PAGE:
Monday, November 28, 2011

The Invention of Hugo Cabret and Its Movie Version

Before it was a movie, it was a remarkable book.

The Invention of Hugo Cabret won the Caldecott award in 2008. This made the book automatically unique. The Caldecott honors illustrations in children's books. The winner is almost always a picture book. Brian Selznick's book is hard to classify. It's part graphic novel, part text, but is full of illustrations, 284 to be exact. I lifted this quote from Wikipedia:

"Selznick himself has described the book as 'not exactly a novel, not quite a picture book, not really a graphic novel, or a flip book or a movie, but a combination of all these things.'"

The illustrations have the beautiful etched quality of 19th century drawings and are wonderfully detailed. A wonderful draftsman, Selznick should be well-known for his illustrations alone. But the story in The Invention of Hugo Cabret is even more powerful than the drawings.

You will love figuring out all the mysteries in Hugo's life and you will go on an emotional journey with him as he tries to find out more about the family he has lost.  The less I tell you about the plot, the more you will enjoy the book. But I will tell you that the central theme is finding your own place in your world.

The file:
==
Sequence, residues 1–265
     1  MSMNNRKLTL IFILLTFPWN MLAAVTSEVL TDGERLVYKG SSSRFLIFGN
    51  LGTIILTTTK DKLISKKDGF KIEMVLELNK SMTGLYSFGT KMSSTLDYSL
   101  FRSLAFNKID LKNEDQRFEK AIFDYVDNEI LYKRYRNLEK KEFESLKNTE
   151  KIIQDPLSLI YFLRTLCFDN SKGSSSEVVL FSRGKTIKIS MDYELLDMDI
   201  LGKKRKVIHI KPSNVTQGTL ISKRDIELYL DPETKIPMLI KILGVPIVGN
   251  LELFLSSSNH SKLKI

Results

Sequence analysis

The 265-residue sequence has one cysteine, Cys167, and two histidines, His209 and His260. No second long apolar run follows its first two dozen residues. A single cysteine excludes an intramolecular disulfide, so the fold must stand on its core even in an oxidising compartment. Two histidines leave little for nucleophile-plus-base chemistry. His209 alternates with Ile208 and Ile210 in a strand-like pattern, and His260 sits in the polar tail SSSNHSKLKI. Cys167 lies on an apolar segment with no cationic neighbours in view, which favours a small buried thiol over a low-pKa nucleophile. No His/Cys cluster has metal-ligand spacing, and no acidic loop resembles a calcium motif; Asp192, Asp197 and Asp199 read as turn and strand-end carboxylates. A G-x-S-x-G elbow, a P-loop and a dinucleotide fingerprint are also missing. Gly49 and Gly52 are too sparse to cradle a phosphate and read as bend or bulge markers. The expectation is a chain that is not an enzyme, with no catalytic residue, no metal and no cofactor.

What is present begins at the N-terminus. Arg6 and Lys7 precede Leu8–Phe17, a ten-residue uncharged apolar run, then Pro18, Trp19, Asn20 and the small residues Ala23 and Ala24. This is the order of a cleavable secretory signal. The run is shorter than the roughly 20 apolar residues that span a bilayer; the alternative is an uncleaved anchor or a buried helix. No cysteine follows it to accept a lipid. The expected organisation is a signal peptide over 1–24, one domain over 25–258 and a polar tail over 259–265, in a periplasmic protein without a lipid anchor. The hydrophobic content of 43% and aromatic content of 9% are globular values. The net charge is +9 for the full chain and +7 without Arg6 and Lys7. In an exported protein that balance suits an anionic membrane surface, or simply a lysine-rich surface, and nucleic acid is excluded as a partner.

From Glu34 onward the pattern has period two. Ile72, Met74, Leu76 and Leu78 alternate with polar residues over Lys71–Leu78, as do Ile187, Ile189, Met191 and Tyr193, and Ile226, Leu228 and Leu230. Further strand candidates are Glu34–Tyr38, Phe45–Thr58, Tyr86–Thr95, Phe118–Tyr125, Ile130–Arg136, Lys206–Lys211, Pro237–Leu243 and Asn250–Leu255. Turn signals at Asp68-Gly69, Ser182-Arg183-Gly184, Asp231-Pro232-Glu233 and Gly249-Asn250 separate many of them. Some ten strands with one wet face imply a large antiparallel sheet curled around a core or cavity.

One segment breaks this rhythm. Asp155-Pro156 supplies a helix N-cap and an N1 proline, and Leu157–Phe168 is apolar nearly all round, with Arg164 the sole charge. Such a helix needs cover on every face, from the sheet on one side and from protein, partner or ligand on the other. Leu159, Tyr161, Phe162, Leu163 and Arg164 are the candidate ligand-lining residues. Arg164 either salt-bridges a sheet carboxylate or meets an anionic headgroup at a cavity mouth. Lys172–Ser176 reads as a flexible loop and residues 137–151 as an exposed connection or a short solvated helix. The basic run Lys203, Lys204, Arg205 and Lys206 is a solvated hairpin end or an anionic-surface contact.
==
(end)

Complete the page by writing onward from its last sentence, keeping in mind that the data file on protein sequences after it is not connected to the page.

The new movie "Hugo" by Martin Scorcese (which you should really see in 3-D, by the way) looks like an instant classic to me. I was incredibly impressed by the vision that Scorcese created of a Paris of long ago. The walls of the train station even have beautiful period graphic advertisements. He creates magic using every trick that a film maker has that a novelist does not. He uses lighting, facial expression, and camera movement to give you a fascinating and gripping experience. But the novel has just as much power as the movie. And the illustrations make you want to read it again and again.

Before going to the movie, I was worried that the mystery and the disorienting strangeness of the book would be lost on the screen. One of the best things about the book was discovering page by page the mystery surrounding Hugo Cabret's life. Happily, there is plenty of mystery in the movie as well, even if you have already read the book.You may be a person who prefers seeing the movie first and reading the book second. I am the opposite. But either way you follow, both the novel and the movie should be experienced.

Selznick's website is one of the best author websites around. And you can find more information about automatons there. And their story is as fascinating as fiction. The Invention of Hugo Cabret's website will tell you much more about the automaton which inspired the book.


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